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Explaining the Diffusion of Covid-19 Transmission Mitigation Policies in OECD Countries
This paper analyzes initial adoption of policies aimed to mitigate disease transmission by OECD countries as a response to the Covid-19 epidemic. We show that Covid-19 policy adoptions are but weakly predicted by the standard epidemiological indicators (confirmed infections cases and deaths) but strongly predicted by standard indicators in the diffusion of policies literature (number of prior countries adopting the same policy, in particular number of neighboring countries). We also examine whether policy adoptions are more rapid or slow given the level of democracy in a given country. We discuss insights for research on international policy diffusion and the emerging strand of research pondering the potential political consequences of the Covid-19 pandemic.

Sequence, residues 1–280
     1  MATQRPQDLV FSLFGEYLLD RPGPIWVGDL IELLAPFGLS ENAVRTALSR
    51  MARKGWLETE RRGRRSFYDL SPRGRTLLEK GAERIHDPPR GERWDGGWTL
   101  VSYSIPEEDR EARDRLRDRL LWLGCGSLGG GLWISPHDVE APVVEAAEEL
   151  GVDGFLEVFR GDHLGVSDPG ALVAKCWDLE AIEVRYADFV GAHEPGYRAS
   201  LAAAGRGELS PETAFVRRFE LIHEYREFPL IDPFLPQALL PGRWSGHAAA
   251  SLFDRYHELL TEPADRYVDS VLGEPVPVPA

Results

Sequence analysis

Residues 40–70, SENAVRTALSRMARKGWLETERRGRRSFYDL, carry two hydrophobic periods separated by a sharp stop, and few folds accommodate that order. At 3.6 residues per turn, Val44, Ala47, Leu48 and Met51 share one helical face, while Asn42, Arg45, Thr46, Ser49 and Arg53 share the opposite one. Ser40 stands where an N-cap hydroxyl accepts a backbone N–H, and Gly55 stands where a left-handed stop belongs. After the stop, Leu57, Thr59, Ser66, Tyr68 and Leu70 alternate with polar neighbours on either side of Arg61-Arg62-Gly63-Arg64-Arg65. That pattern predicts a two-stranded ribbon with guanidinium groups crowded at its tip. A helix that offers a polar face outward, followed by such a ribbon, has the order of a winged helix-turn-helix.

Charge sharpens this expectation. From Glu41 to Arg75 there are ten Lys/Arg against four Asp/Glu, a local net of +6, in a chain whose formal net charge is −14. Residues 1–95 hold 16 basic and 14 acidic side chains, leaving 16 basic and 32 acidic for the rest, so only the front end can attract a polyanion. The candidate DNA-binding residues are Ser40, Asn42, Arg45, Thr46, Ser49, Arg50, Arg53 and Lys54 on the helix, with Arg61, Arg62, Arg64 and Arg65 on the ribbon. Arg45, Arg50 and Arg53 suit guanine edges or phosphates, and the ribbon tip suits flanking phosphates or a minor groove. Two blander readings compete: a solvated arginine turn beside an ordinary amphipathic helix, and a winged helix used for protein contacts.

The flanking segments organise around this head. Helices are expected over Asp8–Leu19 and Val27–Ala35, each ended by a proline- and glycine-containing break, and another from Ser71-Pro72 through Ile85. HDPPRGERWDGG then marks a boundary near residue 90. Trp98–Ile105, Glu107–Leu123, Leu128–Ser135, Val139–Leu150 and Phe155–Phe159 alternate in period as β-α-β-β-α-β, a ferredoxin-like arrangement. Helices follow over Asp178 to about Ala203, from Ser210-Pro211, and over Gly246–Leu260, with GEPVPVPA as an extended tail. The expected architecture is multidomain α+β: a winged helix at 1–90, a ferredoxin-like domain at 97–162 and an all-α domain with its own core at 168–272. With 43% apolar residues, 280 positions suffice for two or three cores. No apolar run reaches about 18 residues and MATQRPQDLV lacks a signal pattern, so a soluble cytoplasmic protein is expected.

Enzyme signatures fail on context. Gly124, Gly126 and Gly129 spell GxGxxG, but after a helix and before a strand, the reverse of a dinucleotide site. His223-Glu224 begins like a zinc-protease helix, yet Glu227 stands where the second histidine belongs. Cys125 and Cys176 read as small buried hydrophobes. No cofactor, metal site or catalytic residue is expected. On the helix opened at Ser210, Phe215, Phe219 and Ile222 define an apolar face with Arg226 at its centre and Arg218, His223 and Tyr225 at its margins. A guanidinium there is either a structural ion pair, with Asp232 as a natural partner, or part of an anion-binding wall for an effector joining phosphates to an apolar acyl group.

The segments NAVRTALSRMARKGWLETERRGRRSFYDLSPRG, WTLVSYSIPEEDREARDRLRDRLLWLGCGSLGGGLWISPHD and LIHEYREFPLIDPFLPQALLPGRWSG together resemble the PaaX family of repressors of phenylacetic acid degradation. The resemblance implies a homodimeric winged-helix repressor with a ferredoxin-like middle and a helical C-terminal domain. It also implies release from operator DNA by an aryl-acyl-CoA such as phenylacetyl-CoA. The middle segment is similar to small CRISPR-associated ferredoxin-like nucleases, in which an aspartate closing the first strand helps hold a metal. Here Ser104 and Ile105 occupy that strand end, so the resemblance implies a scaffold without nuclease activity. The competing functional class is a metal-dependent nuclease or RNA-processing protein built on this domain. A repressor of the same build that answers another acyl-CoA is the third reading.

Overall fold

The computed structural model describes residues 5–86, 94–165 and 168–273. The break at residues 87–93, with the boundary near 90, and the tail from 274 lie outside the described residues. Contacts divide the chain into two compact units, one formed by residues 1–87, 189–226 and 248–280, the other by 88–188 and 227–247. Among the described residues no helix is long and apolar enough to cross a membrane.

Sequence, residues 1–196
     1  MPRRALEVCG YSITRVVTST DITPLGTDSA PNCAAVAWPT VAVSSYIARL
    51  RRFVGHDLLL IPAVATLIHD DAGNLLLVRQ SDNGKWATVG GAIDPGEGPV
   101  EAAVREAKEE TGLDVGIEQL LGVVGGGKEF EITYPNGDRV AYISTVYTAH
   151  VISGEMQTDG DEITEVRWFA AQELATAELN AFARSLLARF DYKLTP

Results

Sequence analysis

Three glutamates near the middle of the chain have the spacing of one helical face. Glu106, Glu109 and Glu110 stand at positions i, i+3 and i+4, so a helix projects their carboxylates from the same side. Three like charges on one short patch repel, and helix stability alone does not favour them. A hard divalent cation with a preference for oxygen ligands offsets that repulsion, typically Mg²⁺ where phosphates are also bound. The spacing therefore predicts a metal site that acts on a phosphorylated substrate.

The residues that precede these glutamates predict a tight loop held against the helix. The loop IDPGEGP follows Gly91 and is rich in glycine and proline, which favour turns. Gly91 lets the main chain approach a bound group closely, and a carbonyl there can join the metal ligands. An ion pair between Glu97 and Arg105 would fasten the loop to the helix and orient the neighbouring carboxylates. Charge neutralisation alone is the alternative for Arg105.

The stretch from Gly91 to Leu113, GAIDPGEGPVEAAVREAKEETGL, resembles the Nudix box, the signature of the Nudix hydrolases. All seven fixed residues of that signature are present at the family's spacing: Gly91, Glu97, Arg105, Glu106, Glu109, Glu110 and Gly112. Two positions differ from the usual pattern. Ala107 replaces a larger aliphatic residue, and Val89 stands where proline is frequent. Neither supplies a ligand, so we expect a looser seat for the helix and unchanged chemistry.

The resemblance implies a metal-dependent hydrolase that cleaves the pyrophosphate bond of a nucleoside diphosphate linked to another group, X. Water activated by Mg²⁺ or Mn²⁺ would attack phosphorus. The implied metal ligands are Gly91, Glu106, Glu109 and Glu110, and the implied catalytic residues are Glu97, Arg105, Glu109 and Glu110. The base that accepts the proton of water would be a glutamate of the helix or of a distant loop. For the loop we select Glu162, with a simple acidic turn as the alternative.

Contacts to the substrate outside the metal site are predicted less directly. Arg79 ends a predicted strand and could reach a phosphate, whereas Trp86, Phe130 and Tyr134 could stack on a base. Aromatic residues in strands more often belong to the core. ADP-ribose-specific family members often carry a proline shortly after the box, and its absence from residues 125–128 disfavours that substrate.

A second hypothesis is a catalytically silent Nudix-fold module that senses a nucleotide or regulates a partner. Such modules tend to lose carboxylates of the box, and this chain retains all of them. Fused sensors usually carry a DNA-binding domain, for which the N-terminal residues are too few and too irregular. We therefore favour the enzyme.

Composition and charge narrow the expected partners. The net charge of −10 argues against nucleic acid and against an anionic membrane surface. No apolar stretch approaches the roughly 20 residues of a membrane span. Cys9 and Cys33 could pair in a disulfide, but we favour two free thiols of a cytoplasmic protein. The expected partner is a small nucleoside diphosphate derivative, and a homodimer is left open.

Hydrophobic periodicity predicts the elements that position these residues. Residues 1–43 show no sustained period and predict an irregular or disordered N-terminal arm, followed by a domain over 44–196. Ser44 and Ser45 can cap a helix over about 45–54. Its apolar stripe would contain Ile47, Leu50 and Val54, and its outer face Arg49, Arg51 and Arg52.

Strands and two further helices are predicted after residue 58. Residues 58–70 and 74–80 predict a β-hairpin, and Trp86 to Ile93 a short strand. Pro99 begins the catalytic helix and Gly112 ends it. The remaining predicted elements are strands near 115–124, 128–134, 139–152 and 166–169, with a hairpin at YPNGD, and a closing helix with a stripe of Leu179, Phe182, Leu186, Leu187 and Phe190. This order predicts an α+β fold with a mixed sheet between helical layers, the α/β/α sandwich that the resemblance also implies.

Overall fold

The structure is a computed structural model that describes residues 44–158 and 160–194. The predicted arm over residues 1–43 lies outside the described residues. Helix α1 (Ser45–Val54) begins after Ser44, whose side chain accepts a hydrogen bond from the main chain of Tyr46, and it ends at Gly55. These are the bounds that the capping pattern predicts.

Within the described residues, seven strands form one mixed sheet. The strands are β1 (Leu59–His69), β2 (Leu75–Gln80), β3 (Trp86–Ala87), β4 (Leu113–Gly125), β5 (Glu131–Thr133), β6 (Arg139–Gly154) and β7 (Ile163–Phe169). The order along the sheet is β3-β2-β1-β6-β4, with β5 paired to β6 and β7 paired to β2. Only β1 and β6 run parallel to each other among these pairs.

Karl Wennberg is Professor and University Chair of organization and entrepreneurship at Linköping University in Sweden, where he co-founded the interdisciplinary Institute for Analytical Sociology (www.liu.se/ias). He previously held academic posts at the Stockholm School of Economics and Imperial College London Business School, and has been a visiting researcher at Stanford University, Universidad Pablo Olavide, and Griffiths University. He does interdisciplinary research at the intersection of Entrepreneurship, Organizational Sociology and Regional Science. His research also deals broadly with entrepreneurship and industry dynamics (entry, exit and growth), macro outcomes from entrepreneurship, and as of late, work group diversity and organizational outcomes. Karl is on the Editorial Boards of Academy of Management Journal, Journal of Business Venturing and Journal of Business Venturing Insights. He is also senior editor of Entrepreneurship Theory & Practice.
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